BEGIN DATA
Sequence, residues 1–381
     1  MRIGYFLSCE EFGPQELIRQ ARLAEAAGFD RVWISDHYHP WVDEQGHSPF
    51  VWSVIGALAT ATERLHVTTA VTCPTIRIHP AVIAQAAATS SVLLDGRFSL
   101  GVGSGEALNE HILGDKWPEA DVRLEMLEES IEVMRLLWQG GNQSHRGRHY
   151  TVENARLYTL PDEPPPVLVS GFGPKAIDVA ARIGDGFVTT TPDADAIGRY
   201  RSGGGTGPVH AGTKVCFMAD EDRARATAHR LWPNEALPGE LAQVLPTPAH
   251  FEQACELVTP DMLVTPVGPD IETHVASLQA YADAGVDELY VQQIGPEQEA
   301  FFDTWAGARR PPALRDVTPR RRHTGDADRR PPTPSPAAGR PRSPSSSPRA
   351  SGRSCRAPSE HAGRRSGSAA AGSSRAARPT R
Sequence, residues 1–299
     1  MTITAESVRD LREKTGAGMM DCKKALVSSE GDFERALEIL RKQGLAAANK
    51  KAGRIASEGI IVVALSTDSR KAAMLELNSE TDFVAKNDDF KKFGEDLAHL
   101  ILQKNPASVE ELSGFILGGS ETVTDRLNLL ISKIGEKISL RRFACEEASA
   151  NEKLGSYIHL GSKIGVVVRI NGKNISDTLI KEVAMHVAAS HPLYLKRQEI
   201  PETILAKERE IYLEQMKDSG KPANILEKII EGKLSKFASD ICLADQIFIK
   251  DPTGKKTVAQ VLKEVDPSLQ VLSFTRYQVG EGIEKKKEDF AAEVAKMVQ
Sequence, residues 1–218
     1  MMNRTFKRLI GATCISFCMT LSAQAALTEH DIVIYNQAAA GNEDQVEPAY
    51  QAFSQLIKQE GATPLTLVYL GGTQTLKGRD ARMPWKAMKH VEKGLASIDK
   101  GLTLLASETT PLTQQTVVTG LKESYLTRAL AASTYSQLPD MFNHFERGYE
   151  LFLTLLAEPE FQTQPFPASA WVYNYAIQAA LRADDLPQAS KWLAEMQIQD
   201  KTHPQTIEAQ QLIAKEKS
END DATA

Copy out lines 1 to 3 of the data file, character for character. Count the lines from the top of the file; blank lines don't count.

Sequence, residues 1–381
     1  MRIGYFLSCE EFGPQELIRQ ARLAEAAGFD RVWISDHYHP WVDEQGHSPF
    51  VWSVIGALAT ATERLHVTTA VTCPTIRIHP AVIAQAAATS SVLLDGRFSL